Anna’s Crossing

annascrossing

I finished Anna’s Crossing by Suzanne Woods Fisher recently.  The book is a well-written, interesting account of a group of Amish and Mennonite people immigrating from Germany to America or “the New World” on the ship the Charming Nancy in 1737.   I love historical fiction and immigration stories.

The story focuses on the main character, Anna, and her experiences as she starts a new life away from all that she loves and is familiar with.  I like how Anna clearly is imperfect and struggles but depends on her faith in God to overcome her challenges (consisting of this journey being something she doesn’t want, as well as the horrible conditions the passengers have to deal with).  There is also a bit of romance when Anna meets a man (the ship’s carpenter) who turns out to have a connection to her childhood in Germany.

There actually was a ship called Charming Nancy that did take a group of Amish and Mennonite immigrants to America in 1737, but there isn’t a lot of documentation.   I admire an author who can take a time in history that we don’t really know a lot about and make it into a well-written book.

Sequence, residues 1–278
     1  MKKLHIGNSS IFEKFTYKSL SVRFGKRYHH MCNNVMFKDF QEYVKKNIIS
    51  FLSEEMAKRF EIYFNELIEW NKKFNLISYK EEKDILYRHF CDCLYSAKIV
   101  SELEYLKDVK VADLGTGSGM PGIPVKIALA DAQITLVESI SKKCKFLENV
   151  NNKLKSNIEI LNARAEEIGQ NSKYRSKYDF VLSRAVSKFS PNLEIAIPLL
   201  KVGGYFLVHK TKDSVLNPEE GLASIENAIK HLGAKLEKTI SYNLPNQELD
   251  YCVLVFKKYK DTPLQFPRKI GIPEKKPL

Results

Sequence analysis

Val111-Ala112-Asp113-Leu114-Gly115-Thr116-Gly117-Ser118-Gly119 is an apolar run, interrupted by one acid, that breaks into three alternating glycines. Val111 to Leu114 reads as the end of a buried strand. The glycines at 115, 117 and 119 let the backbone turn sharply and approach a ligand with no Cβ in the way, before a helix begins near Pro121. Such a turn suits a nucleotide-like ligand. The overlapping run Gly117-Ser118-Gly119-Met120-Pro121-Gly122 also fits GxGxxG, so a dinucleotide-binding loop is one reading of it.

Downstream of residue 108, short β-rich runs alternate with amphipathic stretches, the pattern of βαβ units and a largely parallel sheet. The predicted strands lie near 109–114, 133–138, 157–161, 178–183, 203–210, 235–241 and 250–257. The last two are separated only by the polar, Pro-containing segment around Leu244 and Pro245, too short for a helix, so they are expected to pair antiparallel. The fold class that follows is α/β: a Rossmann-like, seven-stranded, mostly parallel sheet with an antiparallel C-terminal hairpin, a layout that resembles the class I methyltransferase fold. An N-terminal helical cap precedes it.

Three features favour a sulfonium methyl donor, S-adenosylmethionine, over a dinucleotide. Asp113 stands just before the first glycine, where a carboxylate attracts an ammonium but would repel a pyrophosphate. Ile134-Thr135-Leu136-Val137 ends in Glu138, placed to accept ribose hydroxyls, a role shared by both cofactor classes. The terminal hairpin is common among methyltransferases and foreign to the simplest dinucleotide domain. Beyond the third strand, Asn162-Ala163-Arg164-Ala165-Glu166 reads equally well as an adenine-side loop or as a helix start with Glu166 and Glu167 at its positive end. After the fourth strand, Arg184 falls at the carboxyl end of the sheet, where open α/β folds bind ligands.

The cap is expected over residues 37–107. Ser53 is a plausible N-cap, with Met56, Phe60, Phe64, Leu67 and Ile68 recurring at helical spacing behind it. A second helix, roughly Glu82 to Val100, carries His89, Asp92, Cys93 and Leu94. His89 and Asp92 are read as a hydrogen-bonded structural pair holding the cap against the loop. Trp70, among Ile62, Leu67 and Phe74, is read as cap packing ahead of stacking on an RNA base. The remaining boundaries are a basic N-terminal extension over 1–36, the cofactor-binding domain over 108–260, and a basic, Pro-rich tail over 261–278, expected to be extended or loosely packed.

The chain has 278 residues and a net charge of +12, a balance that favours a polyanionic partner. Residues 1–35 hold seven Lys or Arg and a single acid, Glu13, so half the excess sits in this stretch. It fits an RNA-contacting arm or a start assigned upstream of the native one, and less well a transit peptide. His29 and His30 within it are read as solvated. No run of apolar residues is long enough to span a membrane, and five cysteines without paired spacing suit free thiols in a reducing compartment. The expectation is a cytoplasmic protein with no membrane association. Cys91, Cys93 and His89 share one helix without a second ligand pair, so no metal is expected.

This book helped me as far as my perception of Christian fiction.  I was of the opinion that for the most part, Christian fiction in general (and Amish fiction especially) romanticized life and was unrealistic.  There is a place for the happily-ever-after escapism, but I like the books I read to have plots that I could actually picture happening.  The characters in Anna’s Crossing are people with weaknesses, fears and hopes, and it’s easy to relate to them.  The author doesn’t sugarcoat the circumstances of the people on the Charming Nancy, although she doesn’t stray into overly graphic or raunchy territory either.

I will say I don’t necessarily agree with all the Amish views; I have issues with the idea of ostracizing or shunning someone because they don’t go to your church. In fairness, I am by no means an expert on Amish customs, or their reasoning behind shunning, or if it is something the Amish community as a whole or only a certain denomination or segment of the community does.  There definitely is something to be said for a close-knit, self-sufficient community that isn’t a slave to technology, and there is nothing intrinsically wrong with being “different” or not doing things the way everyone else does. Being different has its advantages.

I am going to make an effort to become more familiar with this author’s books.

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